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Book Review: 'China's New Confucianism' by Daniel A. Bell

May 30, 2008

The renowned political philosopher writes on the revival of
Confucianism transforming Chinese politics and society.
By Michael Levitin
The Los Angeles Times
May 25, 2008

"China's New Confucianism"
Politics and Everyday Life in a Changing Society
Daniel A. Bell
Princeton University Press: 258 pp., $26.95

Last fall, on the eve of Confucius' birthday (Sept. 28) and the
International Confucius Culture Festival, I visited several of
China's 2,000 Confucian temples, including a palatial complex in
Qufu, the sage's hometown, one of the three great examples of
classical Chinese architecture. What struck me in conversation with
the locals was not how much they revered their ancient philosopher
but how practical his teachings have become in hypercapitalist China.

This revival is the subject of political philosopher Daniel A. Bell's
trenchant and surprisingly personal "China's New Confucianism." Bell
was the first foreigner hired since the Cultural Revolution to teach
humanities at Beijing's prestigious Tsinghua University; one of the
few Western professors in the country, he enjoys a unique
outsider/insider perspective. His book ties the resurgence of a
Confucian ethics rooted in self-examination and a moral social order
to the changes overtaking China's political structure. And it reveals
Bell's own journey of self-discovery, as he embraces those kernels of
Confucian principle that steer him toward "the good life" as teacher,
father, husband and long-term foreign resident in China.

Evidence of a Confucian comeback is everywhere: in the boom in
secondary-school and university courses on Confucian classics and in
"an explosion of conferences and books on Confucianism." Yu Dan's
self-help-styled "Reflections on the 'Analects' of Confucius" (2006),
for example, has sold more than 10 million copies and attracted more
literary attention, Bell jokes, than anything since Mao's Little Red
Book. Spacious, family-oriented "Confucian" architecture is on the
rise. And the Confucius Institute, a Chinese language and cultural
center, had 140 campuses in 36 countries as of mid-2007.

Bell's book, which grew out of a series of essays in Dissent, is
written in a loose, conversational tone and peppered with pithy
sayings of Confucius. ("Do not impose on others what you yourself do
not want"; "Filial and fraternal responsibility is the root of
humanity and compassion.") Focusing on a few examples -- the humane
attitude toward karaoke-club prostitution, efforts to tame
nationalism and improve sportsmanship in advance of the Olympics, a
more balanced relationship between employers and the 120 million
migrant workers -- Bell shows that the 6th century BC philosopher is
an ever more useful guide for dealing with the complexities
confronting modern China. Communist Party officials are judged by
adherence to such Confucian values as filial piety and family
responsibility (many dye their hair black, because Confucius teaches
that white-haired people shouldn't have to work).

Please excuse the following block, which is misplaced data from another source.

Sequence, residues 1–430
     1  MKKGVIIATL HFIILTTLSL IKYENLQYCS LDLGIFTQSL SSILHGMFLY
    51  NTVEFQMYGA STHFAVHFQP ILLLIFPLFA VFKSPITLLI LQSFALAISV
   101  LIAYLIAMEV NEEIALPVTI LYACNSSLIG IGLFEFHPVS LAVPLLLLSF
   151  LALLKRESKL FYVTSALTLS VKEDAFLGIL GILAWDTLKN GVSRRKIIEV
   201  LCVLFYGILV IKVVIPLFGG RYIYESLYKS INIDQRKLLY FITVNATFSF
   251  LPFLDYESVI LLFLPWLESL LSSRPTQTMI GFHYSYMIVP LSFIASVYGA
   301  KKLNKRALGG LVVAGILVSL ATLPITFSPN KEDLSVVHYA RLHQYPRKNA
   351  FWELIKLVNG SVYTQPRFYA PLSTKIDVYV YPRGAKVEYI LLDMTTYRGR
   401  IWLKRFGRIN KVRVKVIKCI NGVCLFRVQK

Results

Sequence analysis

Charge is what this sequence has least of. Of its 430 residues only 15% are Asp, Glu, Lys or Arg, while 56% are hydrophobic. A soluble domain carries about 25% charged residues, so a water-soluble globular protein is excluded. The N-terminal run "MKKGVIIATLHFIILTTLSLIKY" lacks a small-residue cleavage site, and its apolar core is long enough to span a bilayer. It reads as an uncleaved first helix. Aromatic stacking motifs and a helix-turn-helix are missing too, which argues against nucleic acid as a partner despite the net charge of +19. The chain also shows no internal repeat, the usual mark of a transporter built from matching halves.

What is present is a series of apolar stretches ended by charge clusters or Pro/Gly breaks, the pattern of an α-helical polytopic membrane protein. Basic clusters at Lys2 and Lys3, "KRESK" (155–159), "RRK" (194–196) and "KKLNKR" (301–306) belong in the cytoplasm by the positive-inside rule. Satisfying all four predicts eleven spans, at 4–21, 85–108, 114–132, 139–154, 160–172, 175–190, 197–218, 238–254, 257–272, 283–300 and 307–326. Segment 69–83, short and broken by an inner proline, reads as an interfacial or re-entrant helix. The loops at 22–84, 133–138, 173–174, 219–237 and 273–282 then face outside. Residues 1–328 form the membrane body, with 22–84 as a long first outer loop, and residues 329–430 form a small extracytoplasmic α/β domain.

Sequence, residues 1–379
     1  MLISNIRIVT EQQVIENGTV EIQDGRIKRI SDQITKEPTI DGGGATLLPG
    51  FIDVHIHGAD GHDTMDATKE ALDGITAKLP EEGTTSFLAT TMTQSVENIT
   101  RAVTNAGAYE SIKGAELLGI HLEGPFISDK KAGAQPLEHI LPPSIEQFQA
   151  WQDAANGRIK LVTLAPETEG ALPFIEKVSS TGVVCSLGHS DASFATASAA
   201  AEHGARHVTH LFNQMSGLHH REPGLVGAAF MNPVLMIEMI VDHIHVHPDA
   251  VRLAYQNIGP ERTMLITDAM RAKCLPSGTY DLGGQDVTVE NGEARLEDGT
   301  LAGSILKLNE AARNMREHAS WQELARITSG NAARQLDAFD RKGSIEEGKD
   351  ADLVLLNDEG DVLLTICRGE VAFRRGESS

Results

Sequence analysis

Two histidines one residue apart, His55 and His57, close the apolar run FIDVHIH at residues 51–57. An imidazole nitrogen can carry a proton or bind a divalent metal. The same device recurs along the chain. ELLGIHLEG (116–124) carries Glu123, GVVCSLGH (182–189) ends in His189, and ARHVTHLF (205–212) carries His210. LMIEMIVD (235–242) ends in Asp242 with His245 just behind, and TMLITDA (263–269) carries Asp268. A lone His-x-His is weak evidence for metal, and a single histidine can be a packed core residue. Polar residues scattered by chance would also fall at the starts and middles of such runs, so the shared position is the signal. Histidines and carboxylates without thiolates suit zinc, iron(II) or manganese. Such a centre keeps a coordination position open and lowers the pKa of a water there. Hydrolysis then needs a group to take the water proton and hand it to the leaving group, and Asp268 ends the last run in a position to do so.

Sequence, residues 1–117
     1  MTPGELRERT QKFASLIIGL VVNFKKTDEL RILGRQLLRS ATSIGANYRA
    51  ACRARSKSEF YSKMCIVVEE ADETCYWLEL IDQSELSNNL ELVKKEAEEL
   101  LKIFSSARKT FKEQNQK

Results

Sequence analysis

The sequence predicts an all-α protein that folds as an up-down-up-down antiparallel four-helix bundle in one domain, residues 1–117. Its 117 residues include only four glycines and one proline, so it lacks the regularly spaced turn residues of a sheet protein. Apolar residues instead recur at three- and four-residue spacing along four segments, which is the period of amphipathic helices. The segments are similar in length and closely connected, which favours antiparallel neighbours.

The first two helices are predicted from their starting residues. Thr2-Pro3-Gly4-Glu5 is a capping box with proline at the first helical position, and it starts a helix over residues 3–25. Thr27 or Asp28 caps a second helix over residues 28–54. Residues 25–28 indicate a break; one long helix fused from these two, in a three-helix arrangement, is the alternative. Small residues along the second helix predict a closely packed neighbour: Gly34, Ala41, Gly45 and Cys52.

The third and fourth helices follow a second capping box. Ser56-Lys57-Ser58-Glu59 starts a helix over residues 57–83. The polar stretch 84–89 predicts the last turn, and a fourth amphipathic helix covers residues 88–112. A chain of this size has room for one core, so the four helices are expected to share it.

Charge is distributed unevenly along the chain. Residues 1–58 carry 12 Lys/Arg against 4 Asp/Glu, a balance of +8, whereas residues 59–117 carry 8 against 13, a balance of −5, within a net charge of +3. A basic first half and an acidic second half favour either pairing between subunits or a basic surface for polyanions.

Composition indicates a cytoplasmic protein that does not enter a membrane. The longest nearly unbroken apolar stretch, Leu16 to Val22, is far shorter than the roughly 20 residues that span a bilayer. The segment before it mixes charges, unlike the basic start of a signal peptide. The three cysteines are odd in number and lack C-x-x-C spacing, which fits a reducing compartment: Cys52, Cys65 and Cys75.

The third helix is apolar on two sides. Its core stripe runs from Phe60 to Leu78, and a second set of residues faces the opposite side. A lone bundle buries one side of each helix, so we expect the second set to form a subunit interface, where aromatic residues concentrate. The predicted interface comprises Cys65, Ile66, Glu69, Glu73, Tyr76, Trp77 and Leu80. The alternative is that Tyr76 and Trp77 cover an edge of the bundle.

Bell debunks such stereotypes as the totalitarian control of
intellectual discourse and encourages his readers to resist judging
China by Western values -- namely, democracy and human rights.
"[T]here is no reason to expect that China will -- or should -- have
the same set of moral and political priorities when it engages with
other countries," he writes. Confucius taught that government's first
obligation is to secure the people's basic subsistence and only
afterward to address the individual's rights. "The idea that certain
rights can be sacrificed for the sake of enriching the people is not
nearly so controversial in China," he argues. "If there's a conflict
with liberal democratic theory, the problem may lie with liberal
democratic theory."

At the core of Bell's book is his speculation on the long-term
effects of the Confucian revival. China under Mao assumed a Legalist
policy (strong state sovereignty, harsh laws) that helped restore its
global footing. One reason Mao's brand of Marxism worked was that it
incorporated elements of Confucian self-criticism, emphasizing that
"demands should be directed at oneself before being directed at
others." But as the gulf between rich and poor widens and
social-justice issues such as the chaos in Tibet threaten the
Communist Party framework, "new left" intellectuals envision the
eventual replacement of Marxist ideology with something like a
Confucian socialist republic. China's drive toward economic growth
may be fueling political control, Bell notes, but "hardly anybody
really believes that Marxism should provide guidelines for thinking
about China's political future." What next? "It is not entirely
fanciful to surmise that the Chinese Communist Party will be
relabeled the Chinese Confucian Party in the next couple of decades."

The book is not without faults: Its author tends to meander off
subject and fails to provide basic background on the historical
impact of Confucius' teachings. But Bell compensates with lively,
original chapters, like the Socratic dialogue between a modern-day
Confucius and an "American-trained Chinese liberal thinker" who
debate the virtues of meritocracy. In a prescient chapter titled
"War, Peace, and China's Soft Power," Bell explores the teachings of
Mencius, a founding father of Confucian thought, whose condoning of
war only if it is morally justified still informs China's tempered
approach to foreign policy. "Confucian theorizing on just and unjust
war has the potential to play the role of constraining China's
imperial ventures abroad," he writes. Frequent reference to America's
Iraq debacle makes clear who his intended audience is. *

Michael Levitin is a freelance journalist based in Berlin.
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